Bureau of Plant Industry Director visits Star Roses Nursery

Star Roses NurseryFrom left; Michele Scheiber, director of research at Star Roses, Gregg Robertson, government relations consultant for Pennsylvania Landscape & Nursery Association; and Agriculture Secretary Russell Redding look at a Star Roses Nursery catalog. (Credit: Commonwealth Media Services)

COCHRANVILLE, PA – On Tuesday, Agriculture Secretary Russell Redding and Bureau of Plant Industry Director Dr. Ruth Welliver visited Star Roses Nursery in Cochranville to highlight concerted efforts to protect Pennsylvania’s economy and environment from damage threats posed by invasive species.

“Invasive species can hit the bottom lines of Pennsylvania businesses and homeowners hard, posing threats to our health and quality of life,” said Redding. “By building partnerships that span across industries and agencies we are working together to safeguard the plants in our yards and the crops in our fields, now and for the future.”

The department works to protect farm crops, nursery crops, and home landscapes, from invasive bacteria, viruses, insects, and plants. Through the bureau of plant industry, the work provides consumer protection for Pennsylvania shoppers to ensure quality products and services through certification, licensing, product registration, survey, and inspection programs.

“These programs are critical for our businesses,” said Dr. Welliver. “They fulfill our obligations with trade partners, and help businesses find better ways to protect against invasive species. But our agency can’t do that work alone, and our partners play a vital role in the success of invasive species management.”

Governor Tom Wolf re-established the Governor’s Invasive Species Council by executive order in 2017 with the goal of developing and implementing management plans for non-native invasive species through coordination with federal, regional, state, and local efforts. The council includes members from seven state agencies and 14 organizations, with the goal to minimize the impacts that invasive species cause in the environment, to the economy, and on human health.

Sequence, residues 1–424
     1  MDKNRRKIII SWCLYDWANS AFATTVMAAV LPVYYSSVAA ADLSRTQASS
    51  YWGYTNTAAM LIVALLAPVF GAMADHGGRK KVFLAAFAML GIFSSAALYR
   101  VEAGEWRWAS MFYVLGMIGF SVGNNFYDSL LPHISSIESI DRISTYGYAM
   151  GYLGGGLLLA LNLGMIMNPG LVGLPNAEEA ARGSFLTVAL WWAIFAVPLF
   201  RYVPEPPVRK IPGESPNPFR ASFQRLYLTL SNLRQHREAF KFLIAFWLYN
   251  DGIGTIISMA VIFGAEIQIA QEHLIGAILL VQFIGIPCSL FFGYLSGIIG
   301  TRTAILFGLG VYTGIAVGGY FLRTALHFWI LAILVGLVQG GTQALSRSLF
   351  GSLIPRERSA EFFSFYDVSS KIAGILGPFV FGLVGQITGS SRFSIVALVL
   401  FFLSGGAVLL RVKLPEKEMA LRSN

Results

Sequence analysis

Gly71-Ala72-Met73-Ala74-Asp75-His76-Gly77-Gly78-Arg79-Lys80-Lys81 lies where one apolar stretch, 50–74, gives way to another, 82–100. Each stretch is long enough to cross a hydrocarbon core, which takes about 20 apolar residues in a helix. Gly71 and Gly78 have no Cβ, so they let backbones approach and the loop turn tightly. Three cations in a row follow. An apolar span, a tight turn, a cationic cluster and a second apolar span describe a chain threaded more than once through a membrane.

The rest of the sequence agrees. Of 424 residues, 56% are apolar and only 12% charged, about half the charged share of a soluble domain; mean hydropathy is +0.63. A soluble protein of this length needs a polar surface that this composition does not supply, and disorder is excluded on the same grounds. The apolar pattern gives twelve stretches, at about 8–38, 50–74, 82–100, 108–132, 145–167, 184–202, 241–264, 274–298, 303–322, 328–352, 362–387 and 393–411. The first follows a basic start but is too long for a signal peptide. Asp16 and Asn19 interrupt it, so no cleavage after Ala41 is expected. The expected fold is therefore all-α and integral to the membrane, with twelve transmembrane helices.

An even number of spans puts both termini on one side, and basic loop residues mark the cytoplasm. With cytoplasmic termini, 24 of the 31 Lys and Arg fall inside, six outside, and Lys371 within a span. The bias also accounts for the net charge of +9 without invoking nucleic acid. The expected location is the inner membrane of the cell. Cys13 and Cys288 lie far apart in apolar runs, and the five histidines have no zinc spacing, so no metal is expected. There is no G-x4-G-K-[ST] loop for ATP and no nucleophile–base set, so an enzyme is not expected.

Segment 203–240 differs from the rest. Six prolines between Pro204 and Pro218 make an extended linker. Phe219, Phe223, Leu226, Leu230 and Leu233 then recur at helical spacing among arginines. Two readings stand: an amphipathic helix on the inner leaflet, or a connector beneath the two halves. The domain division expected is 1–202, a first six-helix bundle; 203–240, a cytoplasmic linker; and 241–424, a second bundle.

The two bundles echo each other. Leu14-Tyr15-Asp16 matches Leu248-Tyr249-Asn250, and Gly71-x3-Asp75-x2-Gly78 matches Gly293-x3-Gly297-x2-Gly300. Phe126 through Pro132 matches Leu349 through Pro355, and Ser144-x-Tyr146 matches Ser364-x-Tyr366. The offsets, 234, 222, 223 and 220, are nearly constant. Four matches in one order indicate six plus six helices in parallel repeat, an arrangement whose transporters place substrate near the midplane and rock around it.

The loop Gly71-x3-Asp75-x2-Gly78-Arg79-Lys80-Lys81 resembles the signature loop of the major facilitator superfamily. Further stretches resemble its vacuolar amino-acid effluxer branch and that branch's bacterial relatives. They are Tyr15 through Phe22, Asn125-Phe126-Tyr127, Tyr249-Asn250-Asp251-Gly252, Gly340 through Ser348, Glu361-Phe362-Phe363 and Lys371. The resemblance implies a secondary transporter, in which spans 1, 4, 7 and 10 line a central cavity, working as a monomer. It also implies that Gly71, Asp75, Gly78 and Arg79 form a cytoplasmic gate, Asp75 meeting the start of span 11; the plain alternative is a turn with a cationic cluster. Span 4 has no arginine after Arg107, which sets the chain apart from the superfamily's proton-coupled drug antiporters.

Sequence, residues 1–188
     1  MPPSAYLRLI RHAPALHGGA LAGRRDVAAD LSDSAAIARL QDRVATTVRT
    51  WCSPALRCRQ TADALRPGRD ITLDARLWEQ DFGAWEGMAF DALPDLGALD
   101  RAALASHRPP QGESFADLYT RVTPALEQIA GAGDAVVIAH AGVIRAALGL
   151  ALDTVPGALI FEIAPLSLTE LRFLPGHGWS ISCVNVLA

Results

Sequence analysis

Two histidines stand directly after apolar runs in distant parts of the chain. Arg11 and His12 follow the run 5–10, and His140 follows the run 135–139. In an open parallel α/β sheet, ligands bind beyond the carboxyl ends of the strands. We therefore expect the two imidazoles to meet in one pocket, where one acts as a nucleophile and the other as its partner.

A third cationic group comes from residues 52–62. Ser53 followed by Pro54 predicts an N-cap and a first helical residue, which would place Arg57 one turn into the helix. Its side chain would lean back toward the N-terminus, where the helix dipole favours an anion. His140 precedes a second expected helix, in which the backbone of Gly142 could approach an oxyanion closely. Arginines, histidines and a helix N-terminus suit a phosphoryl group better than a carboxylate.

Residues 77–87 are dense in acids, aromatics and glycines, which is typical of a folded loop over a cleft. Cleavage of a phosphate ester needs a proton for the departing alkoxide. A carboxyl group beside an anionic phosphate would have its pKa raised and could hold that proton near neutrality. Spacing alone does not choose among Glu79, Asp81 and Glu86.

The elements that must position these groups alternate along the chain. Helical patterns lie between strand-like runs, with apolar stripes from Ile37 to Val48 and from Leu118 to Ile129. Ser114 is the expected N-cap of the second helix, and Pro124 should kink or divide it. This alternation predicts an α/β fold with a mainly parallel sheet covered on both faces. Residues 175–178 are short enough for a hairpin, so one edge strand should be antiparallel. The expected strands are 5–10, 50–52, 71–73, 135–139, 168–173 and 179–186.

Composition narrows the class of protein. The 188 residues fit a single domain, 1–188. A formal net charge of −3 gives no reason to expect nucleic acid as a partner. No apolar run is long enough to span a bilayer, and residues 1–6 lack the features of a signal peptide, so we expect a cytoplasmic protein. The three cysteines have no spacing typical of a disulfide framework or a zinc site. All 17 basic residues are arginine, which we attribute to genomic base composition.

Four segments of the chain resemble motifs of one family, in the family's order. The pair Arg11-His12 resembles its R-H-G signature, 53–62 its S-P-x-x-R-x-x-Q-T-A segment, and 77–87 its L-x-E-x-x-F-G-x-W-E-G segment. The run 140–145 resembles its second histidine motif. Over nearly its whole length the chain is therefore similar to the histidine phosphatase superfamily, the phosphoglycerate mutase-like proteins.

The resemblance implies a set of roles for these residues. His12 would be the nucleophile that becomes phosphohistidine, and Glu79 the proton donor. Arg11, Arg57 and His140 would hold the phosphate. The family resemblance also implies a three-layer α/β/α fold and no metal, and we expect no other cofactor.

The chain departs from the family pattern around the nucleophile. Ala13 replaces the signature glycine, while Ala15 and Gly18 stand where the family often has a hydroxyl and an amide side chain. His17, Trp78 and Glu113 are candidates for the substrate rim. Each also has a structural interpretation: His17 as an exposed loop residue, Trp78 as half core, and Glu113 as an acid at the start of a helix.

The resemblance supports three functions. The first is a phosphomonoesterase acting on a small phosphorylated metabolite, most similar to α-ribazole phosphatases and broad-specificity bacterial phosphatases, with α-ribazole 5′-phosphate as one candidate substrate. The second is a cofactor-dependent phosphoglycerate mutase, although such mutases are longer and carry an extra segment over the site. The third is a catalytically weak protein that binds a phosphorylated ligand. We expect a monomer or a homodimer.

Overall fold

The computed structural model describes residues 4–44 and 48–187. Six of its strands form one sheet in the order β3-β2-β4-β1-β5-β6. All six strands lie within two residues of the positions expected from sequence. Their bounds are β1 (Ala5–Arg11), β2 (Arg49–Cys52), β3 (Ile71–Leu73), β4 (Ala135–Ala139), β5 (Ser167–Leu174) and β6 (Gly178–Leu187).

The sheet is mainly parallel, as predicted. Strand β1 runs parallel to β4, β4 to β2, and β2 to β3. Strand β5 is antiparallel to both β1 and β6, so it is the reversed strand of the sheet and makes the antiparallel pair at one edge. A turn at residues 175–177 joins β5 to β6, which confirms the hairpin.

Because invasive species impact so many businesses, organizations, and individuals, the economic damage is difficult to quantify. Last month, the council conducted the first statewide survey to measure costs of the damage inflicted by invasive species in Pennsylvania, and the costs tied to preventing and controlling them. The more than 1,000 responses to that survey will be used to inform a strategic, regional partnership approach to managing invasive species.

“The many partners we have through the Governor’s Invasive Species Council continue to unite our agriculture and green industries under the banner of serving the common good,” said Redding. “But that work doesn’t just happen. It requires the time and effort of the people and industries across Pennsylvania. Industry partners like John Rausch and Star Roses and Plants are critical in this battle to keep Pennsylvania agriculture thriving.”

Rausch, who is chief operating officer of the business, joined Redding in calling out the importance of the partnerships to nurseries and landscaping businesses across the state.

For more information about the Department of Agriculture’s regulatory programs, including the Governor’s Invasive Species Council, visit agriculture.pa.gov.

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